The U.S. Department of Education (USED) on Tuesday denied Michigan’s request to waive the federal requirement to administer the state’s standardized tests during the pandemic.
MDE requested in January the waiver, along with another for accountability requirements. But on March 26, USED only approved the accountability waiver due to “the disruption of instruction caused by the COVID-19 pandemic” and denied the standardized test waiver just over a week later.
In a letter to state Superintendent Michael Rice, Acting Assistant Education Secretary Ian Rosenblum said, “MDE has not demonstrated, however, specific circumstances that would warrant granting a waiver of the annual statewide assessment requirements and, specifically, not administering statewide assessments at all.”
Rice was critical of USED’s decision, stating that the department “continues to demonstrate its disconnect from conditions in public schools in Michigan and across the country.”
“For a state that has mandated benchmark assessments this year to inform educators and parents of where students are in reading and math, USED’s lockstep allegiance in a pandemic to state summative assessments such as M-STEP [Michigan Student Test of Educational Progress] is simply fidelity to two decades of education policy drift under the federal No Child Left Behind Act and its uncreative and still punitive offspring,” Rice said.
During the 2019-20 school year, then-U.S. Education Secretary Betsy DeVos granted Michigan federal waivers for the M-STEP and SAT exams. DeVos also canceled the National Assessment of Educational Progress in November due to the pandemic.
Michigan’s schools and school-aged children are currently seeing record high case rates and outbreaks linked to school sports.
The Michigan Department of Health and Human Services (DHHS) reports that as of April 1, there are 301 active K-12 school outbreaks in the state, ranging from two to 58 cases per outbreak.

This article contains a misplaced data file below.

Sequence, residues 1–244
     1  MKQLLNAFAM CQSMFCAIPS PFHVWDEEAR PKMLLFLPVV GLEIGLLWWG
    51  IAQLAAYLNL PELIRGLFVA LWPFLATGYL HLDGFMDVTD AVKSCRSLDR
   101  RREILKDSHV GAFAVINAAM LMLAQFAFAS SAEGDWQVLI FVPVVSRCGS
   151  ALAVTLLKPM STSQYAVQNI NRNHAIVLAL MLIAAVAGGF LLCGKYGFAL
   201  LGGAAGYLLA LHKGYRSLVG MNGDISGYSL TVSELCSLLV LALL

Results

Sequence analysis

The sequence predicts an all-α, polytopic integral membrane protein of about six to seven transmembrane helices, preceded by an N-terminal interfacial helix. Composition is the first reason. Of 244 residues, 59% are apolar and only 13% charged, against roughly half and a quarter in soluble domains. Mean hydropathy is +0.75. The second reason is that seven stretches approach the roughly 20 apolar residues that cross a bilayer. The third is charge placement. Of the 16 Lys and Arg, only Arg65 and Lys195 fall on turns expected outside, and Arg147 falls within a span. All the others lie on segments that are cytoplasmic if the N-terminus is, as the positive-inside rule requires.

“Michigan has the highest rates of recent COVID-19 cases and recent cases per 100,000 in the nation at the moment,” Rice said. “Our state legislators and governor had the foresight to require districts to administer benchmark assessments in the fall and in the spring of this school year to provide data to educators and parents and to help target resources, interventions and supports to students in districts.”
Rice suggested that instead of state summative tests, locally chosen and administered national benchmark assessments would be more beneficial for parents and educators to get an understanding of how students are doing academically this school year.
“This is beyond disappointing. It’s shameful,” state Board of Education President Casandra Ulbrich said. “USED had an opportunity to do the right thing for the right reasons, and instead chose to appease special interests rather than support students. Michigan citizens, educators and parents will get virtually no useful and actionable information from this year’s state tests. It would be shameful now if the state legislature used these ‘results’ to impose negative consequences on children or schools.”
Remote-only students will not be required to come into school for the sole purpose of taking the assessments, but schools will be required to offer remote or virtual students the opportunity to come into school to take the tests.
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